Lennox's book was cited in the recent movie God's Not Dead. It isn't likely to convince many of Hawking's supporters, and the Christian focus of many of his arguments will likewise not move many with a more "deistic" orientation toward God. But his brief book is an excellent and thought-provoking critique of many of the excesses of Hawking's own book.
John Lennox dashes these hopes with *real* science, sorry hawking. And also sorry dawkins whose screeching has reached a crescendo, but it is just that: "screeching". No science, so: sorry dawkins as well.
Very well done and very well written. Short and always to the point, John C. Lennox is fast becoming my new favorite author on this topic.
Any of the curious should go and see John's debate videos on youtube, he leaves no doubt and I do enjoy his Irish accent and sweet demeanor.
Lennox makes a compelling case for design…having the mathematics credentials as a professor in mathematics at Oxford…and two other PhD’s in philosophy and science…to be able to take apart the theories of Hawking on an equal standing as a scientist.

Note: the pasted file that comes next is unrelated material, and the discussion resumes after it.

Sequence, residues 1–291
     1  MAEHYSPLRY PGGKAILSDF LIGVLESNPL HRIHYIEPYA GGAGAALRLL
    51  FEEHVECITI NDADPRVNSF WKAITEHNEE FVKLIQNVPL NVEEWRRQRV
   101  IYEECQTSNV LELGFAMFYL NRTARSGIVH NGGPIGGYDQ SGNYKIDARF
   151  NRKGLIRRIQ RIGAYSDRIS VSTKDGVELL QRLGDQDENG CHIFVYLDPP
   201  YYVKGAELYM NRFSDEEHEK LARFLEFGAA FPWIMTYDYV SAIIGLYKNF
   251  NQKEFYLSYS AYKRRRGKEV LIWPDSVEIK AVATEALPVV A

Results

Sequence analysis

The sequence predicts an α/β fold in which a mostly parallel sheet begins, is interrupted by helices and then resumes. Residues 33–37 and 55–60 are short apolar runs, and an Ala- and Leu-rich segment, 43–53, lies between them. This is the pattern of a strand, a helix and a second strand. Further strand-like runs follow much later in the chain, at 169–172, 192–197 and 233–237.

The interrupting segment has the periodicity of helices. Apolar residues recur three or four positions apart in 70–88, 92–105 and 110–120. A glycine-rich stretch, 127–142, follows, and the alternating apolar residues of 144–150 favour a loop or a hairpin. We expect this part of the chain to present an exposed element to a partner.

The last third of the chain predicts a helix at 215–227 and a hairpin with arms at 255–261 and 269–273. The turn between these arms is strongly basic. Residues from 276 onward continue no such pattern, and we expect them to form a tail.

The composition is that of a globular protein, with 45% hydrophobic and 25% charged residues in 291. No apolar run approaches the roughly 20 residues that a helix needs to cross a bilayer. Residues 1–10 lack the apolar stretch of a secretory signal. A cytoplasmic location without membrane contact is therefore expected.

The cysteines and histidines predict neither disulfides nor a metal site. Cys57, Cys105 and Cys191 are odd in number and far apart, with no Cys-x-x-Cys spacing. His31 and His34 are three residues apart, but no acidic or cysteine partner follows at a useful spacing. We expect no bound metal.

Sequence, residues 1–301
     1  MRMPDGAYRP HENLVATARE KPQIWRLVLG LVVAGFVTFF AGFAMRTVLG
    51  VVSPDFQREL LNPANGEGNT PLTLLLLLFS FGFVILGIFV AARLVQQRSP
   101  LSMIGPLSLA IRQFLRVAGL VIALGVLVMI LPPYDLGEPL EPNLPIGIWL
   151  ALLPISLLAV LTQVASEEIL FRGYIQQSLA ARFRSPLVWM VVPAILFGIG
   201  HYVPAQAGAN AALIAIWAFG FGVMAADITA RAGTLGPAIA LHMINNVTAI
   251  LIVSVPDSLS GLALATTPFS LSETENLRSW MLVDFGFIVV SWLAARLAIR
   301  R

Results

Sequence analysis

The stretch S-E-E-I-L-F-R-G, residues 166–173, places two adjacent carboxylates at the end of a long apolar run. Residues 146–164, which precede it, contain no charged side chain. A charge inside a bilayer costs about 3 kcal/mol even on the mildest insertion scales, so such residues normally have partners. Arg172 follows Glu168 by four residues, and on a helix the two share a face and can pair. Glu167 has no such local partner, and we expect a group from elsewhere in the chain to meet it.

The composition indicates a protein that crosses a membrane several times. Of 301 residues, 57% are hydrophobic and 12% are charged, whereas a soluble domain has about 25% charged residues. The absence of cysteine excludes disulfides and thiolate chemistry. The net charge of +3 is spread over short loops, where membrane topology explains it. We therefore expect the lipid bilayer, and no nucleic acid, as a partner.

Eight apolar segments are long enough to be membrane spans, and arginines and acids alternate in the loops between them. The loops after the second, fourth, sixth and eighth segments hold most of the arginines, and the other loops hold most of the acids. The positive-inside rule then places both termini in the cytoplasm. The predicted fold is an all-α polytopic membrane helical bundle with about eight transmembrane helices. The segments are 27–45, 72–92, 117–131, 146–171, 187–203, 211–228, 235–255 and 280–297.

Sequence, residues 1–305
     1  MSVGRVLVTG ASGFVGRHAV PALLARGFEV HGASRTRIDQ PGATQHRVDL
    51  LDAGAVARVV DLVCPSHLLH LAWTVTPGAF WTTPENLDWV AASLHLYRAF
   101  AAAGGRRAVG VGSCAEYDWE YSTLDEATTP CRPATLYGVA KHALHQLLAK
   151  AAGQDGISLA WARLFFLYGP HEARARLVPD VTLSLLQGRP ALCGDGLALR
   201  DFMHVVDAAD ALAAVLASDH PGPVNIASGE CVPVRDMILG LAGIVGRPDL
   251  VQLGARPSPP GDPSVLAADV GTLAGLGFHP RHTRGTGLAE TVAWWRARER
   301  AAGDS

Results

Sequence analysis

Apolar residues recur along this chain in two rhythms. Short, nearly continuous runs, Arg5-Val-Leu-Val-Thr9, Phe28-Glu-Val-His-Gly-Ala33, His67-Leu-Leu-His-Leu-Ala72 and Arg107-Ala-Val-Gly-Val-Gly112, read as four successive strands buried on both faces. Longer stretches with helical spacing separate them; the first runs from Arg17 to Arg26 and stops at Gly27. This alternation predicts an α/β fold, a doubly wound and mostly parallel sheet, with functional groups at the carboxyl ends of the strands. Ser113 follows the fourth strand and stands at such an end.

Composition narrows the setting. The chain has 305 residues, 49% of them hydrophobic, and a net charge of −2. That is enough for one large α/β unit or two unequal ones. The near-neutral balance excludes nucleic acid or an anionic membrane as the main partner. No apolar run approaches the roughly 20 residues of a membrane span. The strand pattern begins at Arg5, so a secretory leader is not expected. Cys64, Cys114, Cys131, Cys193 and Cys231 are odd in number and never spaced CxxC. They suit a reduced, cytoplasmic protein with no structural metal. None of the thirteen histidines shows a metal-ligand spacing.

A very readable book accessible to the general public, while still tackling the most difficult issues in this critically important cultural, social, scientific, and theological question.
ALL arguments for the existence of a god necessarily involve logical fallacies. The most common ones are:
- Argument from ignorance. One claims that since he does not know how some phenomenon happened naturally, thus some god must have been involved. There are two errors in this proposition: (a) The argument does not obviate the possibility that the phenomenon was some natural process --including one which may not now be known. (b) The argument is basically circular.
- Argument from authority -- particularly the bible. The bible is a work of fiction.